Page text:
Of course, this mechanic creates its own set of challenges. The longterm probability curve isn’t as easily exposed, so adjudication for gamemasters can be difficult. In a d20-based game, I quickly know that a Fighter with +5 to hit needs a 10 on the roll to hit a goblin with 15 AC, so he always has a 50% chance. Using card-based mechanics, I need to account for the number of cards in a player’s hand, the number of cards he’s allowed to play in support of a given action, as well as any situational abilities that allow for more of either. Furthermore, in the course of the game, the probabilities might skew significantly; if the player has already played through a lot of the low or high cards in the deck, a given challenge may be unexpectedly trivial or impossibly demanding.
In many ways, the obfuscation of the probability curve is a major part of the appeal of card-based resolution mechanics. Baker notes that, “it’s a tool that hasn’t been fully explored,” either by players or designers. As someone who tends to pursue system mastery for the games I play, I suspect that obfuscation of the underlying system math in exchange for greater clarity on a given challenge is a satisfying tradeoff. For players who are less interested in the crunchy system bits, they receive that outcome clarity at even lower cost.
Of course, this sort of predetermination also limits the ability of the players to fail, as Baker explains:
Essentially, cards give the players a greater sense of narrative control. If you can’t hit that giant this round you know it, and it then becomes a question of what you can accomplish with what you have.
As a player, this sounds fantastic: succeeding—even at a “lesser” ability—is fun, and few things are more frustrating than never being able to successfully do your One Cool Thing. But it raises more questions that game designers who pursue card-based mechanics like Baker will need to address: is the role of the gamemaster still fun? At what point does ceding too much narrative control to the players sap the GM experience, and how much investment in a campaign can a GM really be expected to commit as his narrative impact wanes?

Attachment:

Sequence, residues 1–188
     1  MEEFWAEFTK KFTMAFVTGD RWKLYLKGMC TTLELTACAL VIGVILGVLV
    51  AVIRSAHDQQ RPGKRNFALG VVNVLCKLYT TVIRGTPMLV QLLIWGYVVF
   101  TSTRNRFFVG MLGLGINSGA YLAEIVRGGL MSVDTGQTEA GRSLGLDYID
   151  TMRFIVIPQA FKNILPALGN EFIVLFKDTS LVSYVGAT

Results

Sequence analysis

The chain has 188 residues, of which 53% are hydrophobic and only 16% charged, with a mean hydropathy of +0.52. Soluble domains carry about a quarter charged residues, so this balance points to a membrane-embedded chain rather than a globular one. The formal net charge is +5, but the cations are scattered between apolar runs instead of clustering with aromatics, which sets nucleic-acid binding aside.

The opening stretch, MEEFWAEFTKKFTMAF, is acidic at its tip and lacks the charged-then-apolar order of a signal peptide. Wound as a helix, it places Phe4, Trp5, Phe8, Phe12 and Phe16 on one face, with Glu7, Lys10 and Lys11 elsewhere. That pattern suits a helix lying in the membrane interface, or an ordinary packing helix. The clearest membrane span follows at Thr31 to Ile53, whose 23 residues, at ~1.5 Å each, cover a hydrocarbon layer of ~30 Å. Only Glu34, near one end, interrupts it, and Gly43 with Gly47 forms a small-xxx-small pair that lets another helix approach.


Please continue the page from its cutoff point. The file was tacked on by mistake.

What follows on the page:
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In Phoenix: Dawn Command, player characters (“Phoenixes”) don’t gain power by killing others; they gain power by dying. After each death, players add additional cards to their deck representing the lessons their Phoenix learned from his previous life. However, there’s a catch: Phoenixes can only return seven times. So each death makes her stronger, but it also brings her closer to the end of her story. In addition, a Phoenix doesn’t return right away and doesn’t return in the place where she died. This is what drives tension: most missions are time-sensitive, and should the Phoenixes all fall without completing their task, they will fail. When they return, they’ll have to deal with the consequences of that failure. Because death isn’t the end, the odds will often be stacked against the characters; players are encouraged to take risks and to be prepared to make sacrifices. Death isn’t the end, but players want to make sure they make every life count.
In designing Phoenix, Baker has attempted to solve for the high-variance problem of d20-based system using the central conceit of the setting: character death and resurrection. He says, “You don’t have the person attempt something that feels like it should be the most dramatic scene in the movie, only to roll a one” and elaborates:
In a game with dice I can face the undead giant, make a heartfelt speech about my fallen allies, use my biggest attack… and then roll a one. In Phoenix, you still have a random factor in the form of what cards you draw, but that means you know what you are capable of accomplishing in that round.
As an added element of control, tying into the death and resurrection theme of the Phoenixes, players can use their magical energy (“sparks”) to increase their total in addition to using cards in hand, knowing that Phoenixes die when they run out of sparks.
For me, this is a “shut up and take my money” kind of proposition. Here is a game system with the long-term randomness I want, but the short-term narrative control that ensures my character doesn’t crit-fail his would-be most triumphant moment. That the system has such synergy with its setting, and that the setting sounds pretty compelling in its own right, are icing on the cake. I listened to the One Shot podcast’s actual play of a Baker-run Phoenix game, and I backed Phoenix immediately; the Kickstarter ends the morning of May 6th.